Sunday of the Fathers of the 7th Ecumenical Synod (787)

18 October 2021

‘The holy and ecumenical seventh synod took place in Nicaea in Bithynia (787). This was the second synod in Nicaea, after the Fathers of the 1st Synod convened there in 325,  during the reign of Emperor Constantine and his mother Helen. The Patriarchs present or represented at the 7th Synod were Hadrian (Rome), Tarasios (Constantinople), Politianos (Alexandria), Theodoritos (Antioch) and Ilias (Jerusalem) and the Fathers who convened there numbered three hundred and sixty-five. They all came together against the iconoclasts and anathematized in writing every heresy, as well as all the heresiarchs, and then all the iconoclasts. They set out in writing and recorded that those who do not venerate the holy icons are strangers to the faith of the Orthodox, that honor paid to the icon is directed towards the original and that those who venerate and honor the icon are venerating the person depicted. Then having arranged matters in this way and reinforced the Orthodox faith, each departed for his own see’.

We should begin by recalling that the Ecumenical Synods are the highest and most important instrument which the Church of Christ has at its disposal in order express and formulate its faith and life; to condemn every effort to alter its faith and life, i.e. heresy; and, naturally, to define the practical framework for charting its course. When a heresy arises, of course, this is an opportunity to express the faith, since it is now at risk. This shows that although the ecumenical is an established institution, it can also constitute an exceptional and charismatic event. Expression of the faith is achieved through terms and dogma, while the definition of the practical frameworks of its life is provided through the canons. In other words, an ecumenical synod is the mouth of the Church, which is why its resolutions are binding for every member thereof. This means that, through the obedience of the member, communion with the Church is preserved and, by extension, communion with Christ himself and his holy apostles. Because, of course, the task of the Fathers who constitute an ecumenical synod is how to present that the Church is alive: Christ and his Spirit. When the faithful see that the Synod hasn’t expressed the teaching of the apostles, then they rebel and reject obedience. In this sense it can be said that the faithful are, in the end, the guardians of the Orthodox faith.

The hymnographer records the following truth about the Fathers of the 7th Ecumenical Synod: ‘Holy Fathers, you have become the precise guardians of the apostolic traditions’. Their task was how to remain within the precision of the Apostolic tradition and that of the Fathers before them. This is why the first thing they did at the  synod was, in their turn, to condemn Arius, Makedonios, Nestorius, Eutyches and the other earlier heresiarchs. ‘For expressing the Orthodox dogma on the consubstantiality of the Holy Trinity, you roundly condemned blasphemous Arius. Then rebuking Makedonios, the Spirit-denier, you also rebuked Nestorios, Eutyches and Dioskoros, Sabellius and Severus, as well as Acephalus’. It is perfectly clear from this that certain hymns are precise repetitions of the service of the Fathers of the 1st Ecumenical Synod. On first hearing, you think it’s a mistake: ‘Assembling the whole knowledge of the soul, and having convened in the divine Spirit, the venerable Fathers defined the heavenly and holy Creed, as written by God’. And yet. Such was the conviction that the Fathers of the 7th Synod were in complete alignment with those of the 1st that it was as if the present was extinguished and the past was being heard as if it were the present. This is the identity of the faith of all the Fathers at its zenith.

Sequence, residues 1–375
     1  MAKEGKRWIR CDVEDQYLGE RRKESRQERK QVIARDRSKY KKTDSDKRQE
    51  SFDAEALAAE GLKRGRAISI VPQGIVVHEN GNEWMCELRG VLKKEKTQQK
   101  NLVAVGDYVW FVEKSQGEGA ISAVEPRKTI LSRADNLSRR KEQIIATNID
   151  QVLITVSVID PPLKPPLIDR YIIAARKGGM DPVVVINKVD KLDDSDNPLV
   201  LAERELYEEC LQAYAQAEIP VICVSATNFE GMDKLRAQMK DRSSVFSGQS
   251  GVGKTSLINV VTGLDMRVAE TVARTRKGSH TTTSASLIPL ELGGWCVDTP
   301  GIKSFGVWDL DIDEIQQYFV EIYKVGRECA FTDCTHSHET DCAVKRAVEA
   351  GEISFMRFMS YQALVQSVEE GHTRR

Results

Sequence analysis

What was the heresy which was condemned by the 7th Ecumenical Synod and which encapsulated all the previous heresies? Iconoclasm, the opposition to icons, that is the rejection of the possibility of depicting Christ. Because this rejection meant that Christ was not really a true human person, he merely appeared to be so. This meant that iconoclasm perpetuated Monophytism, or from another point of view Nestorianism, by another means. In other words, at bottom iconoclasm was a Christological heresy. The  hostility towards the icons seemed reasonable: not falling into idolatry. But this hostility was, in essence, denial of Christ, which means that the acceptance of the icons of Christ constituted the most resounding affirmation of faith in his incarnation. ‘Therefore holding fast to the true faith, the Church embraces the icon of Christ’s incarnation’. Naturally, this means that the depiction of Christ was related to his describable human nature, not his divine nature. His divine nature certainly can’t be depicted, which is why no portrayal of the Holy Trinity can be countenanced within the Orthodox context. The holy Synod also recalled the words of Saint Basil the Great, which were used by Saint John the Damascan, the theologian of icons, that ‘the honor accorded to the icon passes on to the original’. This is to emphasize that the wood or the colors of the icon aren’t honored, but the person depicted. And it goes without saying that icons of the Mother of God and the saints are also acceptable, since they’re the foremost friends of Christ and therefore, in honoring them, we’re ultimately honoring Christ.